Interest Rates…the Good, the Bad, and the Ineffective

interest-rates

width=”240″ height=”159″ />If Dr. Phil were an economist, he might ask the question, “How are those interest rates working for ya?” It seems that low interest rates are quite the mixed bag these days. And several different takes on them just happened to appear in three news articles today.

First, the good news – sort of. With many seniors and soon-to-be retirees concerned about low interest rates on their investments (see my previous 2 blog posts on a recent Wells Fargo/Gallup survey), there may finally be some hope for them. In the Wall Street Journal's SmartMoney article, “The End of Free Money,” Elizabeth O'Brien expects interest rates to rise after mid-summer. This is great for those who have endured years of next-to-nothing returns on C.D.s and savings accounts. Although it bears mention that bond prices will fall as interest rates rise, affecting those who are heavily invested in bond funds.

Now, the bad news: In another WSJ article, firms want to reduce their penson obligations by paying their current retirees lump sum payments, but today's low interest rates means the payouts would have to be larger than if interest raters are higher. As a result, lump sum payouts today would be a costly way for firms to unload pension obligations. The only thing for them to do is wait and hope for higher interest rates while continuing monthly payments to retirees.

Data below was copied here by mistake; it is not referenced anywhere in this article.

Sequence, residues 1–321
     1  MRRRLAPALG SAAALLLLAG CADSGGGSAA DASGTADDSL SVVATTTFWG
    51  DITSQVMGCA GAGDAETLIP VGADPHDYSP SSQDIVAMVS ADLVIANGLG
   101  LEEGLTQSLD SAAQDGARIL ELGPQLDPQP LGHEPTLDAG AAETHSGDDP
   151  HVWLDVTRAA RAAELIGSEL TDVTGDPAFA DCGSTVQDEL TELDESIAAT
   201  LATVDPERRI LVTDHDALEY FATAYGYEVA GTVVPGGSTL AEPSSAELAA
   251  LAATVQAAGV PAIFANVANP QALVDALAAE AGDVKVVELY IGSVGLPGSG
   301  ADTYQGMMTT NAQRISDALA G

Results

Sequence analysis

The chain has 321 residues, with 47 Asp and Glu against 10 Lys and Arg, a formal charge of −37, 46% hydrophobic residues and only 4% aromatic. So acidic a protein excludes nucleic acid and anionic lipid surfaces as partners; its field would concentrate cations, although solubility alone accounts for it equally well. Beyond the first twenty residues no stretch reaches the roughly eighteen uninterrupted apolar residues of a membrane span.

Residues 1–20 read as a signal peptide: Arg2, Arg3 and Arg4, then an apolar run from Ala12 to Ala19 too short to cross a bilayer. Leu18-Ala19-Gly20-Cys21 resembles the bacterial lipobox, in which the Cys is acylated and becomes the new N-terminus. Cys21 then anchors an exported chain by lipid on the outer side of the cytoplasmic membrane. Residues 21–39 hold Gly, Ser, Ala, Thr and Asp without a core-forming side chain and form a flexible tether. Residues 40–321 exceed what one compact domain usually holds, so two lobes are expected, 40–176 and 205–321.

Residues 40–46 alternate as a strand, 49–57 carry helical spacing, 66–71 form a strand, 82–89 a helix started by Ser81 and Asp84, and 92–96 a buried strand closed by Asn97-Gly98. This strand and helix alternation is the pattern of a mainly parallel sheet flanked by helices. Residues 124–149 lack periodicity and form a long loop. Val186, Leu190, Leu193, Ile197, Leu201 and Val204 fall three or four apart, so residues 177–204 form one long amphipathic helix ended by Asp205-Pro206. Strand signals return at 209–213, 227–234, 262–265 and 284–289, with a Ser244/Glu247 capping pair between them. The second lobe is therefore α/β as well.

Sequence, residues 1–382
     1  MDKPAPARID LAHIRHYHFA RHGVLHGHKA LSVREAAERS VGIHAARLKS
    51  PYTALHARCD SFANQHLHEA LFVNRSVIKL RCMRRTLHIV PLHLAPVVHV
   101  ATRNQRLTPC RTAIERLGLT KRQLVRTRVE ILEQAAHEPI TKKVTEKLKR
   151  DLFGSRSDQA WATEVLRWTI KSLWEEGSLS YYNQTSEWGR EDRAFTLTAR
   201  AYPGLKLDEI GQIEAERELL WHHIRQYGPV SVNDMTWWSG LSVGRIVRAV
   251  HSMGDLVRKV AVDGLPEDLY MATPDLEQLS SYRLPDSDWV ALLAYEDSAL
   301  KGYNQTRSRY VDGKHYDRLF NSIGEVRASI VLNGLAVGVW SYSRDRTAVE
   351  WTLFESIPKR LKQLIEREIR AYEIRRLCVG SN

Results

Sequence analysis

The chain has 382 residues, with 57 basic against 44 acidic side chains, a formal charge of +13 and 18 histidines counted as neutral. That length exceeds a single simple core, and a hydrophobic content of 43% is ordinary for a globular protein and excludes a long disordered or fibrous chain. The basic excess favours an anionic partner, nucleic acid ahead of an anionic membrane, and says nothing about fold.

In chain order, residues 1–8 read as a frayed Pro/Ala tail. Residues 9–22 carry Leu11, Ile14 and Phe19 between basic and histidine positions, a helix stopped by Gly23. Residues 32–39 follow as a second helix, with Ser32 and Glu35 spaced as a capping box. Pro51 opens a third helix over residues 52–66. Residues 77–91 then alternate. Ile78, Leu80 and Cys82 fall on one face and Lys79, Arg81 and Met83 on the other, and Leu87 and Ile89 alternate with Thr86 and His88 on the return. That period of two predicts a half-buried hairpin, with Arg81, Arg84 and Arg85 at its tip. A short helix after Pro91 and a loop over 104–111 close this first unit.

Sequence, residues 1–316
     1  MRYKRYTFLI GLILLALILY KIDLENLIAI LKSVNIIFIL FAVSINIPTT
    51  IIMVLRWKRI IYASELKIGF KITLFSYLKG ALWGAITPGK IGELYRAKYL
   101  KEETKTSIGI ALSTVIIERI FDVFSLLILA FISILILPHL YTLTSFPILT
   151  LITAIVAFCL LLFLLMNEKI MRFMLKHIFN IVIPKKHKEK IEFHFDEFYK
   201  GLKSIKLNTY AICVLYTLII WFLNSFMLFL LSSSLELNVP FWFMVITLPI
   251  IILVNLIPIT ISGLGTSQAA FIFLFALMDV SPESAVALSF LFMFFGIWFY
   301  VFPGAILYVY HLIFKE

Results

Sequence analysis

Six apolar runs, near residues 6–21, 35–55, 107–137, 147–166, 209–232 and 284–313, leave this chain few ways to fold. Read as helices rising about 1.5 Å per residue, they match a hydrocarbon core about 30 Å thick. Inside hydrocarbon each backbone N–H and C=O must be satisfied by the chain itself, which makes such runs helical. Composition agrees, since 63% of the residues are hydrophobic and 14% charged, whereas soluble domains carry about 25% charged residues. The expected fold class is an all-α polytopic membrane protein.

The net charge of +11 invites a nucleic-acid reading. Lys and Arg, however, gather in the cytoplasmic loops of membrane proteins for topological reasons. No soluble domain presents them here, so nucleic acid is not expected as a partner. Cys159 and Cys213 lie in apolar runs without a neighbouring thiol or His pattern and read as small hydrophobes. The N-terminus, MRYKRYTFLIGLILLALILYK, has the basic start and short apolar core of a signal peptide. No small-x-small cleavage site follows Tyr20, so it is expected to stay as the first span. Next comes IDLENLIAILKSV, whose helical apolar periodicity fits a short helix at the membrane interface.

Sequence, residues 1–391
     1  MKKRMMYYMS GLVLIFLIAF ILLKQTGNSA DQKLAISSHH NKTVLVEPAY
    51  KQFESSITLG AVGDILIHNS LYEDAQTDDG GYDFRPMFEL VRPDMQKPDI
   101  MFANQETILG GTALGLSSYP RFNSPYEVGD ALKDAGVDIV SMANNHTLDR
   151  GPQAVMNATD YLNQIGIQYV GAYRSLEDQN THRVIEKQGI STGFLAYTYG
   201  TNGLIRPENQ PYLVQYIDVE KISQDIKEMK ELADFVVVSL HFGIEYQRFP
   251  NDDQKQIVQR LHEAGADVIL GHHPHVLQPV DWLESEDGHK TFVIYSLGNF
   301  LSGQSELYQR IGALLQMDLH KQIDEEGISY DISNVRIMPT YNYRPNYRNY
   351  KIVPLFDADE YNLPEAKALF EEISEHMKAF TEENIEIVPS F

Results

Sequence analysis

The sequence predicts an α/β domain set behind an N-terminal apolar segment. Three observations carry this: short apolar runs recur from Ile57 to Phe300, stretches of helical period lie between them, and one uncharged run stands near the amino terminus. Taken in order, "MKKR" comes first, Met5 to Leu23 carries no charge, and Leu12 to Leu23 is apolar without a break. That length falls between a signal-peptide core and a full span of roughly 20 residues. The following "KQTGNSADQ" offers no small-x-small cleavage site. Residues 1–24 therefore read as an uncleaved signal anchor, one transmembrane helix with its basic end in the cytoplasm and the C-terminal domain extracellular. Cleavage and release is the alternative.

Finally, the ineffective: A third WSJ describes the great “credit divide,” -

the haves and have-nots of borrowers, so to speak. Apparently, low interest rates are available to all except those who can't get loans due to bad credit scores. The Fed is bewildered as to why low interest rates are not stimulating more borrowing. Answer: Those who need to borrow can't, and those who qualify to borrow don't need to.

Welcome to the world of monetary policy, where some of the people are happy some of the time, and there is no easy answer. Perhaps Mr. Bernanke should post the same sign that hangs on my wall: “I can only please one person per day. Today is not your day and tomorrow doesn't look good either.”

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Comments (4)

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  1. Big Daddy says:

    haha I love that sign in your office. Nixon should have just kept us on the gold standard–we’re all paying for that little fiat experiment now.

  2. Joe Barnett says:

    There’s only so much monetary policy can do for the economy. A dollar with a stable value would be nice.

  3. Jasmine says:

    Really great.. Cheers for your stuff on the blog post
    Interest Rates

  4. Phillip says:

    First-class information on Interest Rates